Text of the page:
Through oral history interviews, photographs, and archival sources, this online exhibition explores Jewish women's organization of British Columbia. It charts the history of Hadassah/CHW, Na'amat, and National Council of Jewish Women. These very dedicated volunteers made significant contributions to the city, the province, and the world. While Hadassah/CHW and Na'amat raised funds for healthcare and education projects in Israel, National Council assisted new immigrants, children, and the elderly her in BC. Through their work, these women pushed the boundaries of so-called "women's work", playing out the ambiguities that arose in the years after the Second World War in the form of Second Wave Feminism.
More than 500 photos and artifacts depict the Jewish experience in Florida since the 18th century, with thematic presentations on community development, discrimination, earning a living, identity, and immigration - the acculturation process to which people of all backgrounds can relate. Personal artifacts, films, photos, timeline and contemporary art attract a universal audience and provide an engaging, up-close museum experience.
The Synagogue Speaks is an original multi-media exhibition in the newly-restored Lloyd Street Synagogue. The Synagogue Speaks tells the story of the landmark synagogue and the three immigrant congregations--two Jewish and one Roman Catholic--that occupied it.
The area surrounding the Jewish Museum of Maryland was the center of immigrant Jewish life in Baltimore in the early 1900s, but today only a few remnants of its Jewish past survive. This exhibition chronicles a place of constant change, where people of different backgrounds lived, worked, created community-and came together in the renowned Jewish market known as Lombard Street.
According to the oral tradition, the Roman emperor Titus, after capturing Jerusalem in September 70 CE, was transporting many Jews to Rome as slaves when his ship was driven by a storm onto the Albanian coast. Instead of throwing his captives into the sea, he allowed them to disembark, and they eventually made their way to the area in which loannina later was established. This exhibit marks the century since Ioannina was incorporated into the Greek state.
A visitor center and permanent exhibition at the Museum at Eldridge Street on New York's Lower East Side integrates Judaica, Yiddish signs, other artifacts, and interactive media displays to tell the story of the 1887 Eldridge Street Synagogue and the immigrant community from which it emerged.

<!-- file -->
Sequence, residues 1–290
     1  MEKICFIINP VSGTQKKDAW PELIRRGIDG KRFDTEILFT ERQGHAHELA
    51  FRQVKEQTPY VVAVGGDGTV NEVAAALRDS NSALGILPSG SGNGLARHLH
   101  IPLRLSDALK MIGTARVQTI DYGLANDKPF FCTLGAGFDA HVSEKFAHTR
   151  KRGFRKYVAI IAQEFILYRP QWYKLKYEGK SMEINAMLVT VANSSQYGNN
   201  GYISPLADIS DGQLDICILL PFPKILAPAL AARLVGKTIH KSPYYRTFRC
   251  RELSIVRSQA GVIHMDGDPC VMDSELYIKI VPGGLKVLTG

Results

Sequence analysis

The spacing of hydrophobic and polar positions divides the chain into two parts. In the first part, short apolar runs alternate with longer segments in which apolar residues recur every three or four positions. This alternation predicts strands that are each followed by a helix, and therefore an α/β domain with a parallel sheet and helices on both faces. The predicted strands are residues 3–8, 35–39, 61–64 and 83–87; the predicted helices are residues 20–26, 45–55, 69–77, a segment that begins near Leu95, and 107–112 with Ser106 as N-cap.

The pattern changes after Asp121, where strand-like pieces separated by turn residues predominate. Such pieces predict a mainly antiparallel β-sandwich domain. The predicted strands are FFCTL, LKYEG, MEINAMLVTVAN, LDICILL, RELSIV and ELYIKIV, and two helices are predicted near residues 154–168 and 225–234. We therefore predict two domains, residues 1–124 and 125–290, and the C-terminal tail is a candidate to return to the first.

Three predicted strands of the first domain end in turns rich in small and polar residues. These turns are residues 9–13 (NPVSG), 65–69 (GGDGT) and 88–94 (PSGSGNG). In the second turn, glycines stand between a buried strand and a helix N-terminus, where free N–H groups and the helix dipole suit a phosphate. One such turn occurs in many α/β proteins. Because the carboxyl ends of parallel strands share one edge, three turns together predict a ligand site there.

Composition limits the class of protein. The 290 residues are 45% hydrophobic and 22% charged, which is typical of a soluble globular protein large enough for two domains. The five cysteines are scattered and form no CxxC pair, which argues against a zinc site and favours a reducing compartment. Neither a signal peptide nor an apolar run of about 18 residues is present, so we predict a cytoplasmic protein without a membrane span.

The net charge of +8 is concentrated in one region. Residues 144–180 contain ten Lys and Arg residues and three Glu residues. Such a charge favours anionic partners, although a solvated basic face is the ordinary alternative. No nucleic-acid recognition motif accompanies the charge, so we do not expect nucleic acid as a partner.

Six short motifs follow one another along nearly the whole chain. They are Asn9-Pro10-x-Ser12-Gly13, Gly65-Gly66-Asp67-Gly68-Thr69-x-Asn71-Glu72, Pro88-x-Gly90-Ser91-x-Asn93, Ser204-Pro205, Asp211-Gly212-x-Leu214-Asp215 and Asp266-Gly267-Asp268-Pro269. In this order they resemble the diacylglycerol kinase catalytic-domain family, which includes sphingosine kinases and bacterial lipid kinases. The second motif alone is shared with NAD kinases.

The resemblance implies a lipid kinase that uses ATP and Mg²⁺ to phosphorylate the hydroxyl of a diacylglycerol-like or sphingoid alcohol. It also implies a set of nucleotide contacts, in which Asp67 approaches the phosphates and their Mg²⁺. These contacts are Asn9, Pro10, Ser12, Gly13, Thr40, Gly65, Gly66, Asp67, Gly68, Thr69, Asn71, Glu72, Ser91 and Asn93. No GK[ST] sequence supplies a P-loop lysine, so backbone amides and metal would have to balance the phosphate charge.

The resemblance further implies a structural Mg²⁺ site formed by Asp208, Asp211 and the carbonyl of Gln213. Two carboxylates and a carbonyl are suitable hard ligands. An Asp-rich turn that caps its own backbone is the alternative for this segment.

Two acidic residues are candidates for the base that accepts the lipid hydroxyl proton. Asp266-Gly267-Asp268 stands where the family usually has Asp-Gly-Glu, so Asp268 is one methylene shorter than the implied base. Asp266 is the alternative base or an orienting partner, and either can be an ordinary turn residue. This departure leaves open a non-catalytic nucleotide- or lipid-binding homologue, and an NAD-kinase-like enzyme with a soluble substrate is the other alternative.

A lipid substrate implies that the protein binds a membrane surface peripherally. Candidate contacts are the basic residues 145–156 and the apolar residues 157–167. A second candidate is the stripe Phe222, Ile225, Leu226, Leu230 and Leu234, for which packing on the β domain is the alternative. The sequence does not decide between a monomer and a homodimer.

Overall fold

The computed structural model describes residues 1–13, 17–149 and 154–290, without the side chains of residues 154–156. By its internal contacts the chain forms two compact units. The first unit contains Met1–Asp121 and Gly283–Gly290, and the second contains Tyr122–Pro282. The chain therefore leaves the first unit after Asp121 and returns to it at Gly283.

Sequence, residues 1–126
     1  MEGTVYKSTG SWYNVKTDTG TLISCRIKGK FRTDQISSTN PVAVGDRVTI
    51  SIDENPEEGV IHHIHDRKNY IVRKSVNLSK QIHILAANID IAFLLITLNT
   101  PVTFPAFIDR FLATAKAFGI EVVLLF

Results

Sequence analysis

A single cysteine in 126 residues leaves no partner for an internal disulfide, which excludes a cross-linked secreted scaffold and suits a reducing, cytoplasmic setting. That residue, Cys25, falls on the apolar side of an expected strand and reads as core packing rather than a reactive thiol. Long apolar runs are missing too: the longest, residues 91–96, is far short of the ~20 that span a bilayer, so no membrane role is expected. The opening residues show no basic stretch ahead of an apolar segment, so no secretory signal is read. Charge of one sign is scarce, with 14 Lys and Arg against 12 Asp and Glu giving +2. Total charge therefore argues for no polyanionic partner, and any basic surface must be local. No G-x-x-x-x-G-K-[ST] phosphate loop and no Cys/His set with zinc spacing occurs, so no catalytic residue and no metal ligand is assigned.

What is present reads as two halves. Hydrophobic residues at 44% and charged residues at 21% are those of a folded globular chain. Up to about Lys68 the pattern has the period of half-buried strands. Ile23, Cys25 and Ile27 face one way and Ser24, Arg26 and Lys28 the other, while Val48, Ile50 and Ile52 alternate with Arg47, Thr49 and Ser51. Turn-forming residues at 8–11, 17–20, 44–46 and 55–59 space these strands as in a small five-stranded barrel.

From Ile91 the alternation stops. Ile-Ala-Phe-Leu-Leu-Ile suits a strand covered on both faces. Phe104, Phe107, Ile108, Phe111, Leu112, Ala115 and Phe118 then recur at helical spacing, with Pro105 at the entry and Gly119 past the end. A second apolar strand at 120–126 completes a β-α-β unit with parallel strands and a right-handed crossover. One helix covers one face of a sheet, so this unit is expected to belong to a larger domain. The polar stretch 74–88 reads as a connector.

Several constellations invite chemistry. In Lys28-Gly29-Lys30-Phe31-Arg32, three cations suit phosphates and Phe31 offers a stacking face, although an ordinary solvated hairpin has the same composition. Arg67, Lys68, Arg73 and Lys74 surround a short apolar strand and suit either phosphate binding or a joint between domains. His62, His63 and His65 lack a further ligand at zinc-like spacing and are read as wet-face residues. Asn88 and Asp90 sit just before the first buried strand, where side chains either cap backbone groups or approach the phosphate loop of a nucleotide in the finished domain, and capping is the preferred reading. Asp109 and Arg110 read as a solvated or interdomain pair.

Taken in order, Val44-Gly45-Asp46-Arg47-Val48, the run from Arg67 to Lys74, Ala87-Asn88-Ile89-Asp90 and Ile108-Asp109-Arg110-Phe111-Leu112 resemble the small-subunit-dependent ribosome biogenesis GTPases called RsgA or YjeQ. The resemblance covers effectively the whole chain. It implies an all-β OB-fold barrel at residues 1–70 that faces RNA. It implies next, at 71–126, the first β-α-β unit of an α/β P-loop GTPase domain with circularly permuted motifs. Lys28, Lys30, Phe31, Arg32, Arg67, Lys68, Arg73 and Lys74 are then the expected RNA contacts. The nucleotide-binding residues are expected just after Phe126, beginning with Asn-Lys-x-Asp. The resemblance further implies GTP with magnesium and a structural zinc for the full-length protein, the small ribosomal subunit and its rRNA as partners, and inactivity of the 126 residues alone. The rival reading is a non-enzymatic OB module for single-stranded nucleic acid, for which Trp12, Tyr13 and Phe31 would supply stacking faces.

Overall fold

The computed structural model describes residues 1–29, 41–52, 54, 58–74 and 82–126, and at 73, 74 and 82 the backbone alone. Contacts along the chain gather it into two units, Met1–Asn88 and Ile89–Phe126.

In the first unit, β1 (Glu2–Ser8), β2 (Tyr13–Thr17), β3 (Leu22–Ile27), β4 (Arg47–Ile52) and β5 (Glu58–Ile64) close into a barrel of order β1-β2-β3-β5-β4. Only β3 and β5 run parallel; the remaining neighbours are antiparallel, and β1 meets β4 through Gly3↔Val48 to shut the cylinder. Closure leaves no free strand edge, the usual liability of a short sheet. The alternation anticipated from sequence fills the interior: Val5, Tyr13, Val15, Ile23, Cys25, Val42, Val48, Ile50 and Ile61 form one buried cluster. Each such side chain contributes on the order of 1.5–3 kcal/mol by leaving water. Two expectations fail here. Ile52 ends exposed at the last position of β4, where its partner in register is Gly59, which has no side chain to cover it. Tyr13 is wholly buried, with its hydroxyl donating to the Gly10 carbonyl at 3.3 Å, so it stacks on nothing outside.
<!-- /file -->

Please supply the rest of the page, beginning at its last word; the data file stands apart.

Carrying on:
To honor the Holocaust survivors who have volunteered their time over the past thirty years to share their painful WWII experiences at the Museum of Tolerance, the MOT engaged Pulitzer Prize-winning photographer Marissa Roth to photograph each of these ambassadors of memory, hope and tolerance.
Inspired by the ancient flood story, which has parallels in hundreds of cultures around the world, this multi-sensory indoor and outdoor attraction invites visitors to board a gigantic wooden ark and to play, climb, build, discover, problem-solve and collaborate alongside handcrafted, one-of-a-kind animals. An innovative, delight-filled destination for children and families of all backgrounds.
The exhibit explores the continuing impact of the most widely distributed antisemitic publication of modern times. Despite countless exposures as a fraud, the myth of a Jewish world conspiracy has retained power for Nazis and others who seek to spread hatred of Jews. Technology has now made the Protocols available via the Internet; it continues to be circulated by those promoting violence, and even genocide.
This exhibition reveals how the Nazi Party used modern techniques, new technologies and carefully crafted messages to sway millions with its vision for a new Germany and to drive the world into a war that cost some 55 million lives, including six million Jews. It includes rare posters, photographs, artifacts, and film documenting the pivotal role of propaganda in the Nazi effort.
Jewish art and history museums, historic sites, historical and archival societies, Holocaust centers, children's museums, synagogue museums, community centers, and university galleries · the professionals and volunteers who work in them · the children, adults and families who visit them · the patrons who support them · the organization that keeps them vital.